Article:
Edward Betham’s career

Compass detail of a survey of Great Greenford parish by R. Binfield, 1775 (GRE/20).
Compass detail of a survey of Great Greenford parish by R. Binfield, 1775 (GRE/20).

Edward Betham was born in Silchester, Hampshire, and baptized on 17 November 1709. His father, Robert Betham, rector of Silchester, was murdered in 1719, when Edward was just 10 years old.

Having studied at Eton College, Edward came up to King’s College in 1728. He gained his BA in 1732 and his MA in 1736. While at King’s, he held various roles. He became a Fellow in 1731. He was also Third Bursar (1745-7), Second Bursar (1748-69) and First Bursar (1770-71).

He is credited with anonymous contributions to Henry Malden’s An Account of King’s College Chapel. Saltmarsh suggested that Betham may have been the first person by whom the chronology of the building had been worked out. He is believed to have identified features such as the change in the stone used to build the Chapel as a way of dating the work of the first period of its construction, although it was first noted in William Cole’s manuscript on the building, dated 1741. Cole had acknowledged Betham elsewhere but not in relation to this. In a footnote within his King’s College Chapel: A History and Commentary (p. 192), John Saltmarsh noted further observations by Betham, which indicate the extent to which the Chapel had been built by 1485 (the end of the second period of building works):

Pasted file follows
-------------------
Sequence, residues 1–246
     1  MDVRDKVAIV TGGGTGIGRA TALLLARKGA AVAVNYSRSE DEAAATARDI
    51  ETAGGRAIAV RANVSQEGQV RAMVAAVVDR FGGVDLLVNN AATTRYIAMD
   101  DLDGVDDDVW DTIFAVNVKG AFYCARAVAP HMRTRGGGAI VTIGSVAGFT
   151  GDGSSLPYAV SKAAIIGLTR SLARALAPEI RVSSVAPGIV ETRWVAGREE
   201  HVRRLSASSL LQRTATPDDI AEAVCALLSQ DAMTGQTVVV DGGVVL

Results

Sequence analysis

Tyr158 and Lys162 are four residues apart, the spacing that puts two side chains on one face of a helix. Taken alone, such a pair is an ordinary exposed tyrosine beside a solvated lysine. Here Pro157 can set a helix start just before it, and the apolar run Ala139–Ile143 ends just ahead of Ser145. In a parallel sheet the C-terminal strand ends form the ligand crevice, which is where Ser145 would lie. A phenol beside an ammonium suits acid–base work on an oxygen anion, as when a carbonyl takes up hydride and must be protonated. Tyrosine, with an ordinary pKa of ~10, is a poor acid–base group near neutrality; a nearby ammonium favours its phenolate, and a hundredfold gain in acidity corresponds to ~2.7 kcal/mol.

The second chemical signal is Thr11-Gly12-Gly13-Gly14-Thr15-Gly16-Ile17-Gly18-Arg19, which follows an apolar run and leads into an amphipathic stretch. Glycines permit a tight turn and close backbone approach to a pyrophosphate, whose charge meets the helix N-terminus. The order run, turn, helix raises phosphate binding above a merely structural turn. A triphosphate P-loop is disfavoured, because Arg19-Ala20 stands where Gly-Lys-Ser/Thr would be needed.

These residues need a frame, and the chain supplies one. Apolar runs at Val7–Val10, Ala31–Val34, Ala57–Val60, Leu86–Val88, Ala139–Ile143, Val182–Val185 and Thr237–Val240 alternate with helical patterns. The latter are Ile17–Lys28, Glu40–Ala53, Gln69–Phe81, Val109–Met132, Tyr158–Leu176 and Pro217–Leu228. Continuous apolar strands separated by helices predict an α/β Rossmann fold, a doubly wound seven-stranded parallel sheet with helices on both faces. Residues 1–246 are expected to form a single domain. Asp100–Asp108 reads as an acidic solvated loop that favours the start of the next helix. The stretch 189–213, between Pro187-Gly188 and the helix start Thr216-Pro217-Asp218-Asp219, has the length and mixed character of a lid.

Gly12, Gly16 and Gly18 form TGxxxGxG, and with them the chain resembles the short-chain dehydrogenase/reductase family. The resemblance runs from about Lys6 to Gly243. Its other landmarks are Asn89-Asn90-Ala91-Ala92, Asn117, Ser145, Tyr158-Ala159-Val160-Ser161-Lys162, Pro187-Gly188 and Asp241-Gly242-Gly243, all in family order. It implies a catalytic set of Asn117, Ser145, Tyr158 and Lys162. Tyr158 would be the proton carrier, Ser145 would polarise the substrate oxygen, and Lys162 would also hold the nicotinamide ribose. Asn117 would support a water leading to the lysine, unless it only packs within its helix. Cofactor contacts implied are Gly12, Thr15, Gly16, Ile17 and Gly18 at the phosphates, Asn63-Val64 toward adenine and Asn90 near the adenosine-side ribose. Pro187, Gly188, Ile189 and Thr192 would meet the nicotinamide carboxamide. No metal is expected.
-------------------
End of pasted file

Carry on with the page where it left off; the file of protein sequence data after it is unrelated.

...the toothings in the brickwork in the north wall of the passage on the north side of the roof, and on the decayed state of the western face of the roof truss at the same point and the remains of moss formerly visible upon it. These indications seem to have been first observed and interpreted by Edward Betham, Bursar of the College in the mid-eighteenth century, who described them in his anonymous contribution to Henry Malden, An Account of King’s College-chapel, in Cambridge, Cambridge, 1769 p 21n; ... they are in fact approximately in a line with the west side of the fifth buttress from the east – that is, at the junction of the fifth bay from the east with the seventh from the west...

Betham balanced his considerable College duties with his vocation. In 1751 he became vicar of Teversham, Cambridgeshire. But even within College, he took care over religious observance on 24 May 1767, he wrote to Provost Sumner expressing his concern about undergraduates who were neglecting to attend Chapel.

In 1770, he was presented by King’s College to the living of Greenford Magna.